6. James Miller says:

    Keep up your amazing work and congratulations! I’m back in Berlin because there was no option to stay with my American partner in the U.S. I’m happy to read these good news!

  7. Marie says:

    I agree with you @matumbo…. Im very happy for them , but what can be do for us , the ones not out yet? I dont want to publicate my private life . Please try to work on a special visa or something for those who have their significant other in another country and those that live eveyday in fear of deportation.

  8. Judy Rickard says:

    Every decision, every victory helps us all. This is good news for now and for the future.

  9. Pingback: Oral Arguments Heard in Golinski DOMA Case « Women Born Transsexual

  10. Pingback: Gay Marriage Watch » Blog Archive » MA: Married BiNational Couple Spared Deportation After Senator Kerry Intervenes

  11. James says:

    I totally agree with matumbo! There are a lot of people out there whom are scared every day of what is going to happen to them! And my husband and I are part of them. Even though I am in legal status to work here for the next two years, and my husband is a US-born citizen, there is an expiration date to our life here, and we are finding no comfort, no help at all … we have been awaiting for change for the past few years, and I can see that the situation is still the same. We are exhausted, we feel undesired, and rejected and as far as hope and change go … even if it is appreciated, it does not change materially and concretely on an every day basis the injustice and crime that are being committed – that is, breaching a constitutional right to be considered as equal, to live happy, and free. And before helping other countries with their LGBT issues, let us concentrate on the ongoing crime in this country to force families of US citizens to leave the country in order to be able to stay with their own and loved ones!

  12. Pingback: Victory for a Gay Couple Threatened with Deportation | Queer Landia

  13. Joe DiDonato says:

    Thank you Senator Kerry. Its time for equal rights for all people.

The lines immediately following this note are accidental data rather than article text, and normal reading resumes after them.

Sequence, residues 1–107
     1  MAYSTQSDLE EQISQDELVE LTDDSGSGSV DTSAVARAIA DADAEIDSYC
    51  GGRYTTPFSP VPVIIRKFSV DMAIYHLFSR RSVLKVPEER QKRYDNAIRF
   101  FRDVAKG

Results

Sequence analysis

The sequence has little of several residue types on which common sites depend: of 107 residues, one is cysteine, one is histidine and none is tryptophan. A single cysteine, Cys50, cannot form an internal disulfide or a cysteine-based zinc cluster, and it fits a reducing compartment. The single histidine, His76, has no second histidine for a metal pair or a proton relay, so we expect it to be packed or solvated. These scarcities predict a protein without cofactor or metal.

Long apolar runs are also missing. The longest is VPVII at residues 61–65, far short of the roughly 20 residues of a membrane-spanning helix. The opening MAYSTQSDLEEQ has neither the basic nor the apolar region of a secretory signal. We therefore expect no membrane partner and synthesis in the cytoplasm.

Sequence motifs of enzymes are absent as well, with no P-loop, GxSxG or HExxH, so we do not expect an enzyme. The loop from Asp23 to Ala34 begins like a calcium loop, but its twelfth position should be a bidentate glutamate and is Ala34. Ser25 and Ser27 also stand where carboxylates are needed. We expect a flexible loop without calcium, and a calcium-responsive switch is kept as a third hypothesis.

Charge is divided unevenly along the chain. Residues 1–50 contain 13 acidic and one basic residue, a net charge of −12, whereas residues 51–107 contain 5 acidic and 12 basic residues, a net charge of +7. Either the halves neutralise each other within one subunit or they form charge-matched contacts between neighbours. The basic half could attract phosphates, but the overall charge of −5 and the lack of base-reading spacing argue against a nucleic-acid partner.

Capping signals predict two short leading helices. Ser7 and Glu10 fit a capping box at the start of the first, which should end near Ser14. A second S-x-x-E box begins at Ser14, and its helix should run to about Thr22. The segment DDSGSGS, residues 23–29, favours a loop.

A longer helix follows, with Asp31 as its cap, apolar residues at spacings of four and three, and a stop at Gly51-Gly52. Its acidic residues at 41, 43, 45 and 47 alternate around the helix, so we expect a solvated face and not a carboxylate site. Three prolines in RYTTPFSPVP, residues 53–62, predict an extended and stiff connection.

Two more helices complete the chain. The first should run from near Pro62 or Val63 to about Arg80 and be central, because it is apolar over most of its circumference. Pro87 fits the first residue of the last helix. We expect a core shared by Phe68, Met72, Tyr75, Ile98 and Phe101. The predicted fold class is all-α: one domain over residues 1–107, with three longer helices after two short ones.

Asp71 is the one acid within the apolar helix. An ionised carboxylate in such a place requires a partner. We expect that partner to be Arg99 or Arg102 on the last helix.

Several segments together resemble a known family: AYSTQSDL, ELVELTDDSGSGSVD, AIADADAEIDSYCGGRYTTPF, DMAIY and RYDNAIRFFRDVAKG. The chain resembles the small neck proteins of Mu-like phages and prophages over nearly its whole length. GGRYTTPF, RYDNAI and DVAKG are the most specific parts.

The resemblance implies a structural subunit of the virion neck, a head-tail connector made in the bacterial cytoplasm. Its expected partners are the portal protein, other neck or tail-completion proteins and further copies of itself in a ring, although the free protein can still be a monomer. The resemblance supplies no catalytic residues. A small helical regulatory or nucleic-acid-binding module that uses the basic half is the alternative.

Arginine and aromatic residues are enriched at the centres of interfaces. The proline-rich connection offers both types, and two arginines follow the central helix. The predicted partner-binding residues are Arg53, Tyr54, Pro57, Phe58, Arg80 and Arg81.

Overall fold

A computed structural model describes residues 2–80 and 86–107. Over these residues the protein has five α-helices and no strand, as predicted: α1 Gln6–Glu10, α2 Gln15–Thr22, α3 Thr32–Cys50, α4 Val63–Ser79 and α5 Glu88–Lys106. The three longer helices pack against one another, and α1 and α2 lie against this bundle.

14. Larry says:

    My husband is Canadian. I am American. I cannot sponsor him to become a legal resident here since the U.S. Government does not recognize our marriage. I can become a legal resident of Canada. After President Obama was elected I thought that this might change and I would be able to sponsor him to live in my country. It just hasn’t happened, therefore I am going to apply for residency in Canada and give up my country. Shame on the “land of the free and the home of the brave.”

  15. JP says:

    I’m really happy for Michael Thomas and his partner but like pointed out another commenter it’s annoying to see only case to case victory and not global victory for all. I don’t believe Obama BS anymore, Gay, Lesbian, Transgender are second class citizens. and I don’t see the change coming soon In december 2009 I arrived to the US to see my 8 years american partner, and for coming to the US to many times I have been put in a detention center, jailed like a criminal, humiliated and sent back to my country. I have been coming in and out from the US for 8 years, we spent countless amount of money to stay together. For the last two year we’ve been able to only spent 3 months together (2 weeks at a time) and we are connected on video ichat and FaceTime 24 hours thanks to apple, but this is not a life. Now I want to see a clear change, equality for all and not only for one couple that got help from a politician. I’m happy for them but it shouldn’t be one to one case. Happy Holiday

  16. Pingback: What America’s Same-Sex Couples and Our Families Gained in 2011 | YGA(dot)Net